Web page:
Dubai resident researcher, writer joins COVID-19 nurses

Dubai resident researcher, writer joins COVID-19 nurses
Dubai resident researcher, writer joins COVID-19 nurses

Hello and welcome to the details of resident researcher, writer joins COVID-19 nurses and now with the details

Nevin Al Sukari - Abu Dhabi - Daymon was an AB Political Science student when his mom requested him to consider the Nursing degree.

Mariecar Jara-Puyod, Senior Reporter

It may be taken as easy to utter yet hard to digest. But, as circumstances seem to be mind-boggling, remain hopeful for doors may be opening up for very good reasons.

“One thing we tend to forget when we go job searching is our sense of purpose,” commented Equiti Group-HR Global Projects associate CIPD (Chartered Institute of Personnel and Development)/business partner Mayne Tamondong.

She added: “We must not forget that. That which is positive and which could make a difference in the world.”

Also a career coach, Tamondong was awed by the career shift of Dubai resident Christopher “Chris” Daymon whom she virtually met at the recent “Finding Jobs During COVID19” webinar of the “Illustrado Talks.”

“Illustrado Talks” is among the online platforms of the “Illustrado Magazine” which has been tackling with well-selected panellists issues, such as the Manila 2019 Universal Health Law, affecting Filipinos wherever they are.

From Iloilo City, Iloilo Province in Western Visayas, Daymon arrived in the UAE in 2015 to work as a sales/customer service staff of a popular toy store, when his family hit rock bottom due to a severe health condition of his dad.

Amiable, the former “English as  Second Language” teacher in Metro Manila met fellow Visayan top haute couture designer Michael Cinco.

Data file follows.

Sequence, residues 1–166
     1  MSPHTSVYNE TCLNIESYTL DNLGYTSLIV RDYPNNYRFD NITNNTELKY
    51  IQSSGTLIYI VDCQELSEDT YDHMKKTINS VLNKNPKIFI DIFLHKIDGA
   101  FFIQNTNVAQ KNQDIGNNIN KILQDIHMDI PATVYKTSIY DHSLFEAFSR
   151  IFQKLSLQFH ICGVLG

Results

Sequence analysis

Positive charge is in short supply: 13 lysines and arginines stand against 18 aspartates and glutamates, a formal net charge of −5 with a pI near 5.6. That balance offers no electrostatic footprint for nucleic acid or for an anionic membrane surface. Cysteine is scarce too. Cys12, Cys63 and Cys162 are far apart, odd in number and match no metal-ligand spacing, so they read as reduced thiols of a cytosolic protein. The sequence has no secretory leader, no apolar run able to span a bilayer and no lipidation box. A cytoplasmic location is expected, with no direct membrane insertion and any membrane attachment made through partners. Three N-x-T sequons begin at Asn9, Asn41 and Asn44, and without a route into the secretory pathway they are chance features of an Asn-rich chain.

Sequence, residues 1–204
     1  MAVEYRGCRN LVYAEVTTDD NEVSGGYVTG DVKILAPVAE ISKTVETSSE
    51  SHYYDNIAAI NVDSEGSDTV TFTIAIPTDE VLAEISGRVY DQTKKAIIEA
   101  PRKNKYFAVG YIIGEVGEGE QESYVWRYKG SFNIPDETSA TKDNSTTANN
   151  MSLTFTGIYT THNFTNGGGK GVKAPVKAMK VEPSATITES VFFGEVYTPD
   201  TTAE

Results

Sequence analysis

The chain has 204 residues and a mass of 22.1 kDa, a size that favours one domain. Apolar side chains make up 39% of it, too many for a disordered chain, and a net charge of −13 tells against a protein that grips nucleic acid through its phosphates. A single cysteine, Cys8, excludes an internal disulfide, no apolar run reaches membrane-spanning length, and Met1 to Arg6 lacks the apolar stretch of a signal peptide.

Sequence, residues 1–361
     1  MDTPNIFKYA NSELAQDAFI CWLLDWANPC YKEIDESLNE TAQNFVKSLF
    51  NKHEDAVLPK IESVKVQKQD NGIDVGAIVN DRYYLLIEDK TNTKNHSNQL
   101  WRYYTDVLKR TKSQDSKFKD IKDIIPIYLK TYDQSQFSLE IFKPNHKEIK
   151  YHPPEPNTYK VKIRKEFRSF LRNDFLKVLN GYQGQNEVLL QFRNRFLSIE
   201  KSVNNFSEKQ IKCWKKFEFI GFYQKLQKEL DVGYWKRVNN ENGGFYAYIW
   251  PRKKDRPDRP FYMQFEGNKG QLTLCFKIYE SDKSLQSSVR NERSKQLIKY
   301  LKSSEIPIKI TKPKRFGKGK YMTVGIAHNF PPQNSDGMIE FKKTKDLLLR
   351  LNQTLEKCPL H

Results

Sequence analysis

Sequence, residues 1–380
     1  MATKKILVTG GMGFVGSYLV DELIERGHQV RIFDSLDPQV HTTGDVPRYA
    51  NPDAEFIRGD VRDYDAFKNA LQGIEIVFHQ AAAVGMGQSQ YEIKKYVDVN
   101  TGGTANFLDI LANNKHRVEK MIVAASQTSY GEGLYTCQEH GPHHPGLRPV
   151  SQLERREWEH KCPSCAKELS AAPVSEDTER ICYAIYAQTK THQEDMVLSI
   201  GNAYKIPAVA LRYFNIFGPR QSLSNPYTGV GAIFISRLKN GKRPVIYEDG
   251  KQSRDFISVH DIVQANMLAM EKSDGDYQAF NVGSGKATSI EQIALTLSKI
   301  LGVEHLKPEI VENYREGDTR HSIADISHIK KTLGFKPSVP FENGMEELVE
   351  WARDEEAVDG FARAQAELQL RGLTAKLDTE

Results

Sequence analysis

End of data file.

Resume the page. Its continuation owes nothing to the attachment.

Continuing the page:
That meeting led Daymon to pursue his passion for writing; occassionally fashion feature writing for international and Philippine publications which included being a contributing writer for the “Usapang Illustrado.”

As life is coloured with vicissitudes, it had not been a walk in the park since job losses haunted him in the commercial sector.

Until Daymon thought he already found the permanent employment as researcher-writer. Then entered COVID-19.

Daymon told Gulf Today: “I became jobless again. Back were the anguish and the pain. Where would I again get my means of regular income. But God never left me.”

He owes much to a friend, Floyd Refugio, “who knew that I got depressed being laid off.”

Daymon was an AB Political Science student when his mom requested him to consider the Nursing degree instead so he could also go overseas.

In Saudi Arabia, prior to the need for him to return home and succour his sick father, Daymon was an IELTS/TOEFL instructor.

“I never practised my Nursing degree though I have met some healthcare professionals who have inspired me and for which I found myself hoping that one day equal their skill, diligence,” he said.

On hindsight, Daymon volunteered: “I believe that taking up Nursing in order to go abroad is the lamest excuse. But I had no choice; I obeyed my parents.”

The docile unico hijo (only child) is now among the COVID19 nurses who may either be deployed in Abu Dhabi or Dubai, by the hospital and healthcare company into diagnostics, which Refugio had offered him to check out.

Daymon admitted to be scared as he also needed the job: “I am thankful for what God had put me through. He never left me. Those times are helping me now connect with patients, whom nurses and other health professionsls have sworn to care for and look after no matter what. Nursing is an oath which must not be shelved.”

Recently, the Philippine Consulate General in Dubai (PCGDXB) resumed the repatriation of visit visa holders in connection with the COVID19 pandemic-related program of the Duterte Administration.

This time, the 45 visit visa holders were women who had been sheltered at the Philippine Overseas Labor Office in Al Qusais, Dubai (POLODXB), having ran away from their respective employment as household service workers (HSWs) either in Dubai or in the other Northern Emirates. They were among the many Filipinas who either on their own or were lured to work as HSWs but entered the country on visit visa. Thus, since they were on visit visas and undocumented with no trace of manpower agency to shoulder their repatriation expenses, it was the Philippine government through the Php1.5 billion (Dhs109,719,205.05) annual budget allocated to the Department of Foreign Affairs-Assistance to Nationals (ATN) Section which paid for their return tickets.

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